It's playoff time, still in the second round, and I've posted off and on on some old-time playoff memories this spring. It's always fun to look back at times when the blue and white experienced legitimate playoff success.
As we have discussed previously on this site, the Leafs under Punch Imlach were building a strong hockey club in the late 1950’s with veterans they had acquired (Allan Stanley and Larry Regan, for example) and youngsters like Duff, Mahovlich, Baun and Brewer.
In 1959-’60 and then 1960-’61, they added some significant pieces- veteran Red Kelly in a trade with Detroit and later rookies Bob Nevin and Dave Keon.
They had a strong regular season and played the Detroit Red Wings in the first round of the playoffs in March of 1961. The Leafs had earned home ice advantage. (Keep in mind we were still very much in the then standard six-team NHL.)
Personally, I was looking forward to the series because it was probably the first time I was truly old enough to (almost) fully appreciate being a fan of a team. I was born in the fall of 1953 and while I was “cheering” for the Leafs in previous years and have some random memories from the late ‘50s, I don’t think I had a strong awareness of at least some of the nuances of the game until that 1961 season.
In Game 1 of the 1961 series, the Leafs and Wings were tied at the end of regulation. I had watched the game on television, but when it went into overtime, I remember that I went to bed, but did so in my family’s living room couch, where I could still listen to the game on the radio. (I can’t remember if I stopped watching because I was nervous—which I know I always was when Leaf games went into overtime—or because my mom had indicated it was way past my bed time. I was 7 going on 8 at the time. It was likely 11 o’clock or later, as Leaf home games started at 8pm in those days.)
Whatever, I was so excited when George Armstrong scored to enable the Leafs to grab the lead in the series. (I can’t tell you off the top of my head if it was in the first or second overtime.) As Bill Hewitt would have been doing the TV broadcast, I’m guessing that I was listening to his Dad, Foster, on the radio at that point. Unlike today, when you would see the goal replayed a hundred times by the next morning, I never had a clue how Armstrong scored until I watched the game again on Leafs TV in recent years. It was a beauty of a goal, as he was sent in alone and fired a quick wrist shot past future Hall-of-Famer Terry Sawchuk. (Check out the great old late '50s photo of Armstrong and a very young Frank Mahovlich at right.)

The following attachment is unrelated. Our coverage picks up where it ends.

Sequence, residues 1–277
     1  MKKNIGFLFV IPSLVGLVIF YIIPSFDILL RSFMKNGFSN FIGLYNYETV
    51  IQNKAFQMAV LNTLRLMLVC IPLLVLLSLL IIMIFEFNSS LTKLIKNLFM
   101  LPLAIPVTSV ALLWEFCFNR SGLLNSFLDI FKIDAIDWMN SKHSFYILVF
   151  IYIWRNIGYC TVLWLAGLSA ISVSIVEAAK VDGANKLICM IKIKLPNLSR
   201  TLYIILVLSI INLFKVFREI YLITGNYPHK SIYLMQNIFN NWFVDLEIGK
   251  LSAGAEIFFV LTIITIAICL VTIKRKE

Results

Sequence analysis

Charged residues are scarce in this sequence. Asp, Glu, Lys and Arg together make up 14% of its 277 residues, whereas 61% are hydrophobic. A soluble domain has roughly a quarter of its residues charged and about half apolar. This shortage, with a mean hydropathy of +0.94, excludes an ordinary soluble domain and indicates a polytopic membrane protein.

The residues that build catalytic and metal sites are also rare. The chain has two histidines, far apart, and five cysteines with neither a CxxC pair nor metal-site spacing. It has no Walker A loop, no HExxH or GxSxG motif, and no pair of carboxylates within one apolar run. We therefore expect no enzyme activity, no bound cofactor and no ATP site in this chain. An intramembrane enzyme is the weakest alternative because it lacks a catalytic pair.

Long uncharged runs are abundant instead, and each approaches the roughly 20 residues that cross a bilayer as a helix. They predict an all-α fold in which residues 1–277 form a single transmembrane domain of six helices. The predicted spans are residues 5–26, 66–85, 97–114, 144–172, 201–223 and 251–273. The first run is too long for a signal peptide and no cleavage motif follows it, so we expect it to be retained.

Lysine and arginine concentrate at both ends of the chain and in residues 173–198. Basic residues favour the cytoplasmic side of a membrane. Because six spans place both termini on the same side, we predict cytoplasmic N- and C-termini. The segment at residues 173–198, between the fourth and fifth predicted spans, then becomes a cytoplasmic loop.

A side note here. Readers a bit older than I may recall that, in one of the playoff games against
(either the spring of ’59 or ’60, I’m not certain which year), Armstrong scored a goal that didn’t count. It went right through a hole in the net apparently, but without replay like we have today, the ref and goal judge missed it. The Leafs would have lost the series anyway, but they might have won that particular playoff game, at least. Interestingly, I remember that I was sitting in the Gardens' press box in 1977, during the playoff series against the Flyers, when Armstrong walked by, talking with the Toronto Sun's Jim Hunt about that famous "non-goal" against Montreal.) Montreal
But unfortunately for the Leafs and their hopeful fans, the 1961 series went downhill after Game 1. The Wings won the next game in
, and went on to wrap up the series in 5 games. Toronto
At the time it seemed devastating, in hockey cheering terms, but looking back, it was a case of the Leafs taking one more step back to move two steps forward. The Leafs had made it to the finals the previous two years, only to lose both times to
. Losing to the Wings was a setback, sure, but the Leafs were clearly a hungry, emerging team and they came back to win the Cup for the next three years. Montreal
Certain goals just seem to stand out, particularly goals in the playoffs and especially goals in overtime. (I'm sure some young fan in Nashville will remeber Joel Ward's performance in this year's playoffs...) In the eyes of a young seven year-old, the Armstrong marker is one of the first “big” overtime goals that I remember distinctly as a Leaf fan, even though I didn't "see" it. I’ve never forgotten it, though it was the only game the Maple Leafs won in the playoffs that spring.